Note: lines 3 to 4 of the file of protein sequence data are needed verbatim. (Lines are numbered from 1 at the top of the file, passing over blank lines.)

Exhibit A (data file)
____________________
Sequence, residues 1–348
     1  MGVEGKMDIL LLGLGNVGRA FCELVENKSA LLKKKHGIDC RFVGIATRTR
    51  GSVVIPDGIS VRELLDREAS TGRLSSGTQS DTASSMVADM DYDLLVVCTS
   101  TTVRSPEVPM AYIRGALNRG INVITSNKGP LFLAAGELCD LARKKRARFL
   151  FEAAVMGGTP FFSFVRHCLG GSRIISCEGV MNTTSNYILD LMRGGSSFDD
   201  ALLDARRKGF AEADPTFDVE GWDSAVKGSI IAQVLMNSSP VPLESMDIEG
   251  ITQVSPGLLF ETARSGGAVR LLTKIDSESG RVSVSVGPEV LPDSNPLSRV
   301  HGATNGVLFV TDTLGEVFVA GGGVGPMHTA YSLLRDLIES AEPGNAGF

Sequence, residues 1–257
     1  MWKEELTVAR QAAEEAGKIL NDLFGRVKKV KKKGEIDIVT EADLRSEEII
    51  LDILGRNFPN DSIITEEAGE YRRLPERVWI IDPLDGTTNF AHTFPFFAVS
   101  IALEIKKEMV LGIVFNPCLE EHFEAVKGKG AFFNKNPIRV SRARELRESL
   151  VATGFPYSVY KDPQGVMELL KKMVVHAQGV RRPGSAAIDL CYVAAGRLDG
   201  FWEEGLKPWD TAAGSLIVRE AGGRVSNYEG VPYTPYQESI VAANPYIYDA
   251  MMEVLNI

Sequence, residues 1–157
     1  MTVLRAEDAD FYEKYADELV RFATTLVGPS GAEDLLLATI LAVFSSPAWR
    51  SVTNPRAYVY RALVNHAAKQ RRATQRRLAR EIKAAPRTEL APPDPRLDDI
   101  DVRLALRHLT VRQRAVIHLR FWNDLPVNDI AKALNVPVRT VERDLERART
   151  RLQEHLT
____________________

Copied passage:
    51  GSVVIPDGIS VRELLDREAS TGRLSSGTQS DTASSMVADM DYDLLVVCTS
   101  TTVRSPEVPM AYIRGALNRG INVITSNKGP LFLAAGELCD LARKKRARFL